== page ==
Argentina was racked with social unrest and economic problems, but at home in the ambassador's mansion - complete with a cook, a butler and a gardener, plus an orchard, garden, swimming pool and tennis courts - one could try and forget about them. Security was tight, though, and the 1½-hectare complex was surrounded by a fence and guarded by armed police officers.
As Canada's representative in Buenos Aires, Mr. Fulford was required to entertain a great deal, including members of the ruling junta whose hands were bloody from what came to be known as the Dirty War. "We had these people for dinner, including presumably torturers and murderers and we had to be polite to them," Mrs. Fulford said.
When Argentina invaded the Falkland Islands on April 2, 1982, Mr. Fulford was instructed to inform the junta that the Canadian government opposed the invasion. To emphasize that, Mr. Fulford was recalled to Ottawa. After he returned, the Argentine government expelled him but that didn't bother him at all. He simply holed up in Montevideo, the capital of Uruguay, until the junta fell from power.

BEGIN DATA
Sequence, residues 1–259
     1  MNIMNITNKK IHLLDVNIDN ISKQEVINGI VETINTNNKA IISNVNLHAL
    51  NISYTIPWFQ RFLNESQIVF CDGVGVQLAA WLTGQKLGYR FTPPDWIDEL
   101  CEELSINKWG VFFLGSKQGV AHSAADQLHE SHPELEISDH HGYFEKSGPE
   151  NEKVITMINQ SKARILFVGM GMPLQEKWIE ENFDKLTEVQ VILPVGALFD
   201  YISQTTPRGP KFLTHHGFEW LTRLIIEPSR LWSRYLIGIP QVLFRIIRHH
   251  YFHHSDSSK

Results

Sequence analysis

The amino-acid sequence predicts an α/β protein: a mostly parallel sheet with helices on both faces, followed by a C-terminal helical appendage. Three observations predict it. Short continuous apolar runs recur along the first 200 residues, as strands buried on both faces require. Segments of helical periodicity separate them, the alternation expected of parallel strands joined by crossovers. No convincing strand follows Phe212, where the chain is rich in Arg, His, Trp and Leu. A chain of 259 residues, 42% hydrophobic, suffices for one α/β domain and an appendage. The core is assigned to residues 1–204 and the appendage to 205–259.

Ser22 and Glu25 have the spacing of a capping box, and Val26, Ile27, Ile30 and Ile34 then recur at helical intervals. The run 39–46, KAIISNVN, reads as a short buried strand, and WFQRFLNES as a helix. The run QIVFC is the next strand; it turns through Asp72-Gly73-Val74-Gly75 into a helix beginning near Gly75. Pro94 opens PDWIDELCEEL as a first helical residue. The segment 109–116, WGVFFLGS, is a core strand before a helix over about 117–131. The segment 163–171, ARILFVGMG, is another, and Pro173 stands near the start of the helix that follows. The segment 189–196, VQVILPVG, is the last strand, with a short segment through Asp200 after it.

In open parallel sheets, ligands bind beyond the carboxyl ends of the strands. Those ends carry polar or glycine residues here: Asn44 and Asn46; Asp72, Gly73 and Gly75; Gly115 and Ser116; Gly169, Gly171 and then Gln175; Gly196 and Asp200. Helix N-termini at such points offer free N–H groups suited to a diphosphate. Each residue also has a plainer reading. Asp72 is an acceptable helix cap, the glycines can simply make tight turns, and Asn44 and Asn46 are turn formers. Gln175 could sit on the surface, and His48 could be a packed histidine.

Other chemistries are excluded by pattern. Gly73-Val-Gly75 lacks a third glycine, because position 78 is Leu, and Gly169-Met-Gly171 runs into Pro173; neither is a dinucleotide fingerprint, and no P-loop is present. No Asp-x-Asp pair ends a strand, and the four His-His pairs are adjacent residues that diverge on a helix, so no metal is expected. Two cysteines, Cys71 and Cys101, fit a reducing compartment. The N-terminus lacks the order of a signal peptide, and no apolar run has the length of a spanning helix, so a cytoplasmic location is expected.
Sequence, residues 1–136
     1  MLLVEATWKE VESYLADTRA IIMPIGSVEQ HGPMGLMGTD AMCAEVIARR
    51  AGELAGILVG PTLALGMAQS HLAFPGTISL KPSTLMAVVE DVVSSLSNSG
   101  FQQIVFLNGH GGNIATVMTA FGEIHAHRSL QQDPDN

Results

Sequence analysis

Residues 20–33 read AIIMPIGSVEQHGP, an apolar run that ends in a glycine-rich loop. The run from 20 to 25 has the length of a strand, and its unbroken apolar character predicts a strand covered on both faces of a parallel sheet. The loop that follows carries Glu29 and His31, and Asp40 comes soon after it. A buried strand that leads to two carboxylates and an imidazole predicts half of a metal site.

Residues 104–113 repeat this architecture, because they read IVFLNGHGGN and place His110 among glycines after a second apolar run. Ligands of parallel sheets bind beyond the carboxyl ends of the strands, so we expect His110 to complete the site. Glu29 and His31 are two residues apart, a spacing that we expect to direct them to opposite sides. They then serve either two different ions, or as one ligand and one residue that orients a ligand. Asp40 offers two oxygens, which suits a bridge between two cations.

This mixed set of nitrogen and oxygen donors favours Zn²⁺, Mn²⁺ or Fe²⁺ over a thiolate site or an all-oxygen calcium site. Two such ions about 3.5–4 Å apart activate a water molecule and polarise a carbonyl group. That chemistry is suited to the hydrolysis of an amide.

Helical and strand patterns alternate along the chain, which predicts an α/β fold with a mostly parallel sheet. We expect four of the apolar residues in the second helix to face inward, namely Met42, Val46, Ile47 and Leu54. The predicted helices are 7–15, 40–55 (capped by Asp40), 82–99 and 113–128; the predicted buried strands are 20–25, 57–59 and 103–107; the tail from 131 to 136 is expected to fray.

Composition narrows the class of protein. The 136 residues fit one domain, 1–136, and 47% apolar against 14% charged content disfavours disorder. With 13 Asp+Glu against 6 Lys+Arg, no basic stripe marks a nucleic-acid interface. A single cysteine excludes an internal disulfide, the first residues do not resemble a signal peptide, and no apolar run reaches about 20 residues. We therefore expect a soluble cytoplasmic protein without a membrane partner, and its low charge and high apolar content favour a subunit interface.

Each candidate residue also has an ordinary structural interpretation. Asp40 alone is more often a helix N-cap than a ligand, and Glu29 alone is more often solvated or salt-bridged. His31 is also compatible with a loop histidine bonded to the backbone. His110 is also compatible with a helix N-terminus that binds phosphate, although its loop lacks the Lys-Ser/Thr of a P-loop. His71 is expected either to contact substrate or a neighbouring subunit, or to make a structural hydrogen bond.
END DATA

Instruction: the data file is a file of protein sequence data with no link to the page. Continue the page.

Mr. Fulford grew up in Brockville, Ont., the scion of a wealthy family that moved with ease among the moneyed upper classes of North America and Europe.
Winter vacations in Florida, cruises on the family steam yacht - his mother Josephine travelled in style with 80 pieces of luggage - Mr. Fulford and his family lived a life of privilege in Fulford Place. The mansion built by Mr. Fulford's grandfather on the shore of the St. Lawrence River is now a museum.
The family fortune was created in the late 19th century by Senator George T. Fulford, an entrepreneur who built an empire from patent medicine. Acquiring the rights to Dr. William's Pink Pills for Pale People - they claimed to "make weak people strong" - Senator Fulford harnessed the power of advertising and used testimonials of "miracle cures" to sell his pills all over the world.
It wasn't all fun and games, though. In common with many upper-class families of the era, his parents left much of the parenting to the governess. Even birthdays didn't always rate anything special. When Mr. Fulford turned 2, his father wasn't there to wish him a happy birthday. Instead, the elder Fulford sent his son a telegram.
"He was saved from being a poor little rich boy by the servants. His nice personality was due to [their influence]. He was brought up by Swiss governesses and he saw his mother every Thursday afternoon," Mrs. Fulford said.